White Leads and Race in Horror Films

Movies such as The Grudge, The Forest, and The Other Side of the Door take place in countries such as Japan and India. However, rather than the protagonists being people of color, the lead roles tend to go to white American or English actresses such as Sarah Michelle Gellar, Natalie Dormer, and Sarah Wayne Callies. Indeed, white people do exist in these countries, but there is a dearth of leads of color in horror, even when a white person would likely be the setting’s racial minority.

Analyze the potential racial implications. What are the possible reasons for casting predominantly white actors (for example, the often-cited “star power”), and does this suggest anything about the horror genre and its treatment of race? Are there any films that do not adhere to this trend? Going beyond white characters abroad as the premise, the article could possibly unpack horror movies such as Night of the Living Dead (black male protagonist killed by mistaken gunfire) and Candyman (black male antagonist killed by mob for an interracial relationship with a white woman).

  • I don't know much about horror. I scare easy. But this sounds like a good topic that I would be interested to learn about because I think sometimes filmmakers don't fully appreciate that diverse casts add so much more depth. I always like to refer to the original Star Trek when this topic comes up. At the height of the Cold War, just after the McCarthyism, Gene Roddenberry had Chekov on the bridge of the Enterprise. Back then, a radical role and casting decision. Yet here we are in 2016 with the end of communism. I think if you look at the really good horrors or any classic movies they transcend time to reach audiences of all generations. Maybe a good place to start would be the vampire legend. It did start in Transylvania, Romania. – Munjeera 8 years ago
  • Great points, Munjeera. If anyone who writes this looks at horror in general (not just film), they could look at anti-Eastern European and anti-Romani sentiments in vampire literature, which also connects with pseudo-science being used to try to legitimize racism. The reason Stoker emphasizes Dracula's distinctly Eastern European features is to connect them to degeneracy because back then it was thought that the shape of the skull/facial features determined intelligence and morality. This was in turn used to "explain" why other races were "inferior." – Emily Deibler 8 years ago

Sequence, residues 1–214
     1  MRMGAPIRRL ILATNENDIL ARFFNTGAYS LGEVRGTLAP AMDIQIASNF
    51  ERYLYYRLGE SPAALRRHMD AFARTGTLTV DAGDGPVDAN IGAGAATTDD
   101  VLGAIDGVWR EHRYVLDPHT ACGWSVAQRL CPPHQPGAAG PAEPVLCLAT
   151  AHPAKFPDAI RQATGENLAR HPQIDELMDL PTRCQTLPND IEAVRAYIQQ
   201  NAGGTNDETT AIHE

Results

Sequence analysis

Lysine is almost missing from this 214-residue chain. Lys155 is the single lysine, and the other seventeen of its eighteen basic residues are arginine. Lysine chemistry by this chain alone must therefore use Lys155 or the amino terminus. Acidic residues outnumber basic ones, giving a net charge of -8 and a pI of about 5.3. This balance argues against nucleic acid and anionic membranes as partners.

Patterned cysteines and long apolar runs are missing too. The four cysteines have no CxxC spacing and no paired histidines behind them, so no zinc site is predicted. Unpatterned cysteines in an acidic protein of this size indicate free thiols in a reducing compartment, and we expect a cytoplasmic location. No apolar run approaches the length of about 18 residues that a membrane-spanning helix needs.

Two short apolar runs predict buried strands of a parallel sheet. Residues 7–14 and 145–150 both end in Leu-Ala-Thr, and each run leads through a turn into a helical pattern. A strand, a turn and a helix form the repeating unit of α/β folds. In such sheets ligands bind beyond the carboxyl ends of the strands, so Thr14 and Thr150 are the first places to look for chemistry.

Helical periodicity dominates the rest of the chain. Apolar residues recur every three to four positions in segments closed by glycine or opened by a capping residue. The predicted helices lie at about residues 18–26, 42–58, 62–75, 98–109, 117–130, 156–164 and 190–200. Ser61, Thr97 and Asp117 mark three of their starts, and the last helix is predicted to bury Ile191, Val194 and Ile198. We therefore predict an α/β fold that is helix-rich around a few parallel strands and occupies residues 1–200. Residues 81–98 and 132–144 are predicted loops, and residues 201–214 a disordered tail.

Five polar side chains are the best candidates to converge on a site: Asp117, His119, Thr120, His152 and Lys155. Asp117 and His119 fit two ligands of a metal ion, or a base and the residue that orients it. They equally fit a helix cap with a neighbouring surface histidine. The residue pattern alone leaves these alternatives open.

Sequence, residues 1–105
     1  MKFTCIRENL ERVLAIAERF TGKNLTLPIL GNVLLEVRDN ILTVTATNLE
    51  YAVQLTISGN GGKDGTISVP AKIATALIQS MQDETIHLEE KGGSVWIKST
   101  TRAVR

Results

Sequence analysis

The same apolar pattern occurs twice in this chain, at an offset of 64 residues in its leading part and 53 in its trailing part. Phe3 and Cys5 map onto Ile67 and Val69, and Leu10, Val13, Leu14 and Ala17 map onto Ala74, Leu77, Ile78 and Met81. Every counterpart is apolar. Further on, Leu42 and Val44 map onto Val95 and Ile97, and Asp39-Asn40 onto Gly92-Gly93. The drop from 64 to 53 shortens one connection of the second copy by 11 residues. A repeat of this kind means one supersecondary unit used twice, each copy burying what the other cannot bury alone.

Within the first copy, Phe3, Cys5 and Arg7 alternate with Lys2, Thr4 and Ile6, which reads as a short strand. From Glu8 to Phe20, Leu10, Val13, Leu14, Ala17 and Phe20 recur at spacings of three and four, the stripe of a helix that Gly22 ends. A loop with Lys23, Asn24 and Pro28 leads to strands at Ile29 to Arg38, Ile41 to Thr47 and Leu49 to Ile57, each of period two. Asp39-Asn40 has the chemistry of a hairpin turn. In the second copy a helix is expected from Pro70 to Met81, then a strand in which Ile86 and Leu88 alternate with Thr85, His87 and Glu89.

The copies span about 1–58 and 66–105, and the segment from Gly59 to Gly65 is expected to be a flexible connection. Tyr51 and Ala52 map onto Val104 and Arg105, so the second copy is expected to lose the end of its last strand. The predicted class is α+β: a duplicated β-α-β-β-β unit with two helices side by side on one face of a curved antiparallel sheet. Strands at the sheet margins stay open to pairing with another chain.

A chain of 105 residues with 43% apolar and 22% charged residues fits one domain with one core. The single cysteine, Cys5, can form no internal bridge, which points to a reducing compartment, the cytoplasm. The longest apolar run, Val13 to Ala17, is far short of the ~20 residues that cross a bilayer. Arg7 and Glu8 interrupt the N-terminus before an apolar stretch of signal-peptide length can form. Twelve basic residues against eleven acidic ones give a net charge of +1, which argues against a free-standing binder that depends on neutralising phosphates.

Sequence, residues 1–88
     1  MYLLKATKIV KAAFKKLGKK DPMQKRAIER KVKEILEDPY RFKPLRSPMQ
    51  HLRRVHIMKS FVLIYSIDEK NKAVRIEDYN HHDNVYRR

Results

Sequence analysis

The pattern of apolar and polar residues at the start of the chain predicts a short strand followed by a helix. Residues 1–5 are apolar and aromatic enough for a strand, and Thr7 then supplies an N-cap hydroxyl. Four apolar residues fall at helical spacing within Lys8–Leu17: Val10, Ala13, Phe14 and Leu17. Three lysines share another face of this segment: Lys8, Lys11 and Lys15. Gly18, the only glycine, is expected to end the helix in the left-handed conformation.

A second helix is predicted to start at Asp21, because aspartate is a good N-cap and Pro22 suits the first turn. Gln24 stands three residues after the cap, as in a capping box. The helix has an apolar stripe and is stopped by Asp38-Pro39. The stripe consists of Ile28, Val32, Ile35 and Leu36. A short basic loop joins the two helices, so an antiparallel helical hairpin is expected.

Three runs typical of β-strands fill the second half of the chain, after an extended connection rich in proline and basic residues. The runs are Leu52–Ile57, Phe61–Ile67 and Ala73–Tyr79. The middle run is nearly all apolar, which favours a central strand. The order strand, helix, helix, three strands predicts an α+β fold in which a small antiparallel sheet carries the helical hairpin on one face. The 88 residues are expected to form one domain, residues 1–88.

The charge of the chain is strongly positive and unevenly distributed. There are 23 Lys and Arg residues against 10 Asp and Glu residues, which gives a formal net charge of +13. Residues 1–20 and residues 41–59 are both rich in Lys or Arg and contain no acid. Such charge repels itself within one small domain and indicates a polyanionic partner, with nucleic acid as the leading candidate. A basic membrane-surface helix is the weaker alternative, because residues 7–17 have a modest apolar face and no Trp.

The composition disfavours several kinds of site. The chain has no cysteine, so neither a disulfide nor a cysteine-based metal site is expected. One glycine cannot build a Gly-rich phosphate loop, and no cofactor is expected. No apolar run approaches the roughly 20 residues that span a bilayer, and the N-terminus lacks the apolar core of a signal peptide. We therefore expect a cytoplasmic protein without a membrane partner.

• Yes, that was the school of thought, phrenology among other names, back then. It probably was influenced by intra-ethnic hierarchy among Europeans. Maybe whoever writes this article could look at Blade with Wesley Snipes. – Munjeera 8 years ago
  • You're right, and i just remembered that physiognomy is the name of the study of facial expressions that normally led to scientific racism toward people of color and xenophobia toward white people seen as "lesser" (Eastern Europeans; the Irish). The writer could possibly discuss horror as a genre that deals with fear of the unknown, and this may be connected to how people thought of as "Others" are treated in films. For a specific horror subgenre, there's also slasher film tropes such as the black character dying first or the typically virginal white woman being the sole survivor. – Emily Deibler 8 years ago

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